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Pedaling in autumn Livestock feed, from a trailer Top fall rides in the Central Oregon area • SPORTS, D1 GREEN, ETC., C1 WEATHER TODAY MONDAY Cloudy, scattered showers High 64, Low 38 Page B6 • October 3, 2011 75¢ Serving Central Oregon since 1903 Eight’s enough The small-team game thrives in Gilchrist SPORTS, D1 Off-road conflict ... and a BLM answer? New area will ease tension, feds say; neighbors not so sure Future of Baker cement kiln may rest on D.C. vote By Andrew Clevenger The Bulletin WASHINGTON — This week, the House of Representatives will vote on two measures that could set aside the Environmental Protection Agency’s pollution standards and drastically alter the way the Clean Air Act is enforced. For one cement plant in Eastern Oregon, the legislation could mean the difference between staying in business and closing, costing Baker County its largest taxpayer. Five years ago, Kansasbased Ash Grove Cement Co.’s Durkee plant released more than 2,500 pounds of mercury into the air each year, more than any other cement kiln in the country. In 2008, the state of Oregon and the kiln’s owners struck an agreement requiring the installation of advanced pollution devices capable of cutting mercury emissions by at least 75 percent. To that end, say Ash Grove officials, the company has spent $20 million on so-called active carbon injection technology. But last year, the EPA issued a new rule, set to go into effect in September 2013, that would require the Durkee plant to reduce its mercury emissions even more, by as much as 98 percent. Proponents of the EPA’s standards say the health and economic benefits far outweigh the burden that complying places on businesses. The new legislation, the EPA Regulatory Relief Act and the Cement Sector Regulatory Relief Act, would postpone the implementation of the new standards by more than three years. See Cement / A5 IN CONGRESS Smokejumper – and record holder – takes one last leap By William Yardley Correction In a story headlined “Internet caps enter wider U.S. debate,” which appeared Monday, Sept. 26, on Page A1, the last name of Mark Hobbs was misspelled. The Bulletin regrets the error. MON-SAT We use recycled newsprint U|xaIICGHy02329lz[ By Dylan J. Darling Proposed Cline Buttes Recreation Area plan kho Buc d. rR Bar Eagle Crest Resort Cline Buttes y. alls Hw The Bulletin eF Terrebonne Proposed roads and trails Motorized off-highway vehicles,including quads and motorcycles Motorcycles only Mountain bikes Shared use Hiking trails Sisters 126 Redmond 20 97 Tumalo Horse trails Bend Source: Bureau of Land Management Greg Cross / The Bulletin INDEX C4-5 C2 Comics Green, Etc. C1-6 Movies C3 Sports Calendar C3 Crosswords C5,E2 Horoscope Obituaries B5 TV listings C2 Classified E1-4 Editorial Local Oregon B3 Weather B6 C5 B1-6 In a remote desert spot in northern Nevada, there is a geothermal plant run by a politically connected clean energy startup that has relied heavily on an Obama administration loan guarantee and is now facing financial turmoil. The company is Nevada Geothermal Power, which like Solyndra, the now-famous California solar company, is struggling with debt after encountering problems at its only operating plant. After a series of technical missteps drained Nevada Geothermal’s reserves, its own auditor concluded in a filing released last week that there was “significant doubt about the company’s ability to continue as a going concern.” See Energy / A4 TOP NEWS INSIDE Abby B4 New York Times News Service 20 To Bend A U.S.-backed geothermal plant struggles By Eric Lipton and Clifford Krauss Clin Within a triangle of highways connecting Bend, Sisters and Redmond, the public land around Cline Buttes has been a magnet for people looking to drive off-road since the 1960s, said Matt Able, an off-highway vehicle specialist with the U.S. Forest Service who has been involved with the design of the recreation area. “At this point there are no designated trails,” Able said. “It’s been a free-for-all.” By June 2013, that should come to an end, he said. Construction of a staging area — with a parking lot, restrooms and an information kiosk — is set to start at the end of October. Off-highway vehicle trail building will follow and continue through the winter. In all, the trail system, which will also have separate hiking, horseback riding and mountain biking trails, will have 100 miles of trails for OHVs. Able said that will squelch the enticement for people to drive over the open range and onto private property. “If you build a good-quality trail system, most people are going to stay on that trail system,” he said. See Off-road / A4 Vol. 108, No. 276, 28 pages, 5 sections 126 To Sisters End of the ‘free-for-all’ An Independent Newspaper 126 Holmes Rd. Fences that Ambers Thornburgh mended this spring were busted again as fall started in Central Oregon. Likely snipped by bolt cutters, the fence’s barbed wire sags alongside a dirt trail etched by motorcycles and all-terrain vehicles through the sagebrush and juniper around Cline Buttes north of Bend. Nearby riders knocked down a gate to roll onto Thornburgh’s land. Thornburgh, a 72-year-old rancher, said dealing with the reoccurring damage is tiresome. “I’ve got other things to do besides rebuild fence behind these people,” Thornburgh said. Federal officials say the Bureau of Land Management’s new Cline Buttes Recreation Area, with its designated trails and staging area, should remedy the problem. But Thornburgh and neighbor Sage Dorsey, 54, whose land is also close to the buttes, aren’t so sure. “We’ll believe it when we see it,” Dorsey said. rn R d. The Bulletin Fryrear Rd. WINTHROP, Wash. — Kristy Longanecker smiled while her husband fell from the clear blue sky. “He got to live his dream,” said Longanecker, barely bothering to watch. “I’m envious of that sometimes. How many people get to live their dream?” Thump. So ended jump No. 896 — one final shock to the skeleton, one final perfect parachute roll, a practice run with no more reason to practice. Last month, Dale Longanecker turned 57, the mandatory retirement age for firefighters employed by the U.S. Forest Service. Friday was his last day on the job, and his was not just another retirement. Longanecker has spent 38 years as one of the most elite of his kind, a smokejumper. He has parachuted out of airplanes into some of the most remote wildfires in the West carrying little more than a shovel, a gallon of water and a bottle of ibuprofen. He was 19 when he made his first jump, and the Forest Service says his 896 jumps — 362 of which were into fires — are a record that may never be broken. See Jumper / A5 Andy Tullis / The Bulletin Ambers Thornburgh, 72, fixes a cut fence that goes around his land and BLM land near Eagle Crest Resort last week. Thornburgh believes ATV riders cut the fence, and he has become increasingly frustrated as this continues to happen. “I’ve got other things to do besides rebuild fence behind these people,” the rancher says. Goodrich Rd. New York Times News Service D1-6 AFGHANISTAN: Raiding Haqqani byways, Page A3 PERRY: Offensive name sparks criticism, Page A3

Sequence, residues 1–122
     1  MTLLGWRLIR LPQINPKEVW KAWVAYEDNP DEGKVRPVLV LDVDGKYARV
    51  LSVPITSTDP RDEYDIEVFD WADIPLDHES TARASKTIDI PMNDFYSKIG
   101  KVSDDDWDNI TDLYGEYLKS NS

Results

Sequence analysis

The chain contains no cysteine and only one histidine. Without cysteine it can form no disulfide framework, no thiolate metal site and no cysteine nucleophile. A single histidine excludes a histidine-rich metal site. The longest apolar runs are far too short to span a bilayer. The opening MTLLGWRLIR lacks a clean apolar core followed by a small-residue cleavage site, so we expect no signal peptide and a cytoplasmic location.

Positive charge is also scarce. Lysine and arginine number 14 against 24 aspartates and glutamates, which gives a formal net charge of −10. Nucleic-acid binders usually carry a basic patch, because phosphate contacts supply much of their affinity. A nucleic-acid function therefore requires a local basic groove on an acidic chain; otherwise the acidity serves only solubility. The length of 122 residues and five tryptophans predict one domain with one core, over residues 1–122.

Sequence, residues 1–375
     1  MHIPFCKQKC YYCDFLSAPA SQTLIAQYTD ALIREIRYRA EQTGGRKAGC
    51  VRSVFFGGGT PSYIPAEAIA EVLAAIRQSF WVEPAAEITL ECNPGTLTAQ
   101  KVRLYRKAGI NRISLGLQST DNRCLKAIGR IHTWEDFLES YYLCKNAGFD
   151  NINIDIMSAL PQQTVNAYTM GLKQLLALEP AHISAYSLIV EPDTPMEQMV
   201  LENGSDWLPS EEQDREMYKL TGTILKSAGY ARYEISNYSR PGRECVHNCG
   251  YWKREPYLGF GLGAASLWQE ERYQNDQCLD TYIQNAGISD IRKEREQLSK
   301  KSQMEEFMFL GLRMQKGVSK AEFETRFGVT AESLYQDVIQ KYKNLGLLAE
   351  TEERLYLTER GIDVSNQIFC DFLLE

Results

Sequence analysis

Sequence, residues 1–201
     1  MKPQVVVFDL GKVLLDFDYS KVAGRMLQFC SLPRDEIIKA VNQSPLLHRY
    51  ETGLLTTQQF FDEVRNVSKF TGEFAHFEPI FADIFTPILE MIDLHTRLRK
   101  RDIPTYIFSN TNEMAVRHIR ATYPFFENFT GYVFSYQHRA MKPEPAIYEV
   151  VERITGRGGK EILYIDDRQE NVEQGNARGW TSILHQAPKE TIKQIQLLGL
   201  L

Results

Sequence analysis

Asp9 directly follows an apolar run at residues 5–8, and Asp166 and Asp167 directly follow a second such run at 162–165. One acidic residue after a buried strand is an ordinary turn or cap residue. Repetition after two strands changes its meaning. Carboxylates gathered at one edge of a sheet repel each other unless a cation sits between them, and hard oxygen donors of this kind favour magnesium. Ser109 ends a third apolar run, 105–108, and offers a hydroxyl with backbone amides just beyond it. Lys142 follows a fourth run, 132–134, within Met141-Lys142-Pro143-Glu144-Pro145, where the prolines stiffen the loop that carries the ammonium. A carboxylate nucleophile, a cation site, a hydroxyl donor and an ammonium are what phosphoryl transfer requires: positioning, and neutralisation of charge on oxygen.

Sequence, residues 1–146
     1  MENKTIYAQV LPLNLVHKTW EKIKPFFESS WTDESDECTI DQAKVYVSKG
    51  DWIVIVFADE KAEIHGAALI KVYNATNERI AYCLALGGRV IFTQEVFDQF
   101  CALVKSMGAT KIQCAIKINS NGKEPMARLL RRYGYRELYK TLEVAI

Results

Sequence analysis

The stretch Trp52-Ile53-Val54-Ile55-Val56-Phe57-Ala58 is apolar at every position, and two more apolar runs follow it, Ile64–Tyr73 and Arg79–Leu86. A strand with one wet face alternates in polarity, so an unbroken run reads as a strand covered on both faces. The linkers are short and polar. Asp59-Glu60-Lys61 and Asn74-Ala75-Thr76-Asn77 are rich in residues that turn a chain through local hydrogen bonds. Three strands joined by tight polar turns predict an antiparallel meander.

Bulletin Daily Paper 10/03/2011